The new state budget is a Band-Aid approach that fails to raise the revenue needed to fully support education and rebuild Washington’s middle class. Lawmakers missed the chance to choose investments in the middle class over tax breaks for wealthy corporations. For example, they continue an ineffective tax break for high-tech corporations, instead of prioritizing those resources for kids and families.
While the budget does invest $1 billion in public schools it is balanced through a patchwork of short-term approaches (see graph) that are not a solution to meeting our long-term needs.
The budget cuts investments needed to provide opportunities to Washingtonians. While common sense investments are made in areas like early learning, public schools, dental care for adults, and making college affordable, overall the budget continues a four-year trend of cutting investments. For example:
- Cost of living salary increases for teachers are once again suspended to save $320 million.
- Training and other services for people who are looking for work or need help to keep their job were reduced by $162 million.
- Housing and essential need services for people with disabilities are reduced by $20 million.
The budget makes merely technical fixes to revenue collections. Adjustments to the way we collect tax revenue were made to avoid future revenue loss. These are important actions, but they do not generate new revenue to meet growing needs, they just keep us even:
- In response to a court ruling (Bracken v State), an estate tax loophole, which would have allowed married couples to avoid paying the tax, is eliminated, gaining $160 million
- To avoid a future lawsuit and potential loss of revenue, equity is established in the taxes paid by residential, wireless, and cable telephone services, raising $85 million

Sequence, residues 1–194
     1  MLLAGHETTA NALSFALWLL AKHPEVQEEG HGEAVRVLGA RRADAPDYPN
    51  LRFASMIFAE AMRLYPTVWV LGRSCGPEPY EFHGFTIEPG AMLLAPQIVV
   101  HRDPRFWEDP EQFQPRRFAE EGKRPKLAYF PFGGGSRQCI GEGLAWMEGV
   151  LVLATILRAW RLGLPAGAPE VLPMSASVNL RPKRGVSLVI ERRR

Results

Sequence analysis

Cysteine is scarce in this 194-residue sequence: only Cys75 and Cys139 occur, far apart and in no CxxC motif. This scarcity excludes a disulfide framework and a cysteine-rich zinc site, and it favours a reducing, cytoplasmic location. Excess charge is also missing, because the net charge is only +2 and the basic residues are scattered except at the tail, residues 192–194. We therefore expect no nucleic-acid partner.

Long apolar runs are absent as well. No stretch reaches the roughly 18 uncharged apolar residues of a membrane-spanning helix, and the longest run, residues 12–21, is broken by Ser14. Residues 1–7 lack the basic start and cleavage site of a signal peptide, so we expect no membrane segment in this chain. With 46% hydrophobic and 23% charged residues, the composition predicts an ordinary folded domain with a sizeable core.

Steps were taken to secure federal funding. Lawmakers seized important opportunities to support the health and well-being of Washingtonians, while at the same time saving the state money:
- Expanding Medicaid means over 250,000 people will gain health coverage and the state will save $318 million from an increase in federal funds
- Renewal of the Hospital Safety Net Assessment will allow $272 million in federal matching funds to flow into the state
Transfers from other accounts paper over the failure to raise more revenue.
- Over $500 million is shifted from other purposes into the general fund, for example:
- Over $250 million is moved out of the Public Works Assistance Account, which funds important sewer, water and other infrastructure projects.
- More than $20 million is transferred from accounts that fund the cleanup of hazardous material in the environment.
The budget is most noteworthy for what’s not in it: sustainable revenue. Boosting our resources is necessary to rebuild our economy and fully fund basic education, estimated to cost $4.5 billion by 2018. Lawmakers could have invested more in opportunities for all Washingtonians, but instead they chose to preserve tax breaks for millionaires. For example, they could have ended the tax break for oil refineries and other major corporations and invested those resources in our kids’ education.